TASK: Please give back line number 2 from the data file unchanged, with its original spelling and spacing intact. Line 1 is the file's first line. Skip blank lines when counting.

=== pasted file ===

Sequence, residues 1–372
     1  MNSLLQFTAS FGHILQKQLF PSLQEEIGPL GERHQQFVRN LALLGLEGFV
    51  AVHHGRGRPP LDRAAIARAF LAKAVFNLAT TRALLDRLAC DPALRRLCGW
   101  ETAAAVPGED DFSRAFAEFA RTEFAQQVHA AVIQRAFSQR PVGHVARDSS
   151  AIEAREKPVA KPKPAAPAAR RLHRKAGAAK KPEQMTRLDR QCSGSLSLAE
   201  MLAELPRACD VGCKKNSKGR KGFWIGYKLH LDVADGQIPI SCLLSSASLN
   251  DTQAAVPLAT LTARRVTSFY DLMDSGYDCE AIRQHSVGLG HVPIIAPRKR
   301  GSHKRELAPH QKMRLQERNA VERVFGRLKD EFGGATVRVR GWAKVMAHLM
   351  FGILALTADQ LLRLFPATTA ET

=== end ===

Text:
     1  MNSLLQFTAS FGHILQKQLF PSLQEEIGPL GERHQQFVRN LALLGLEGFV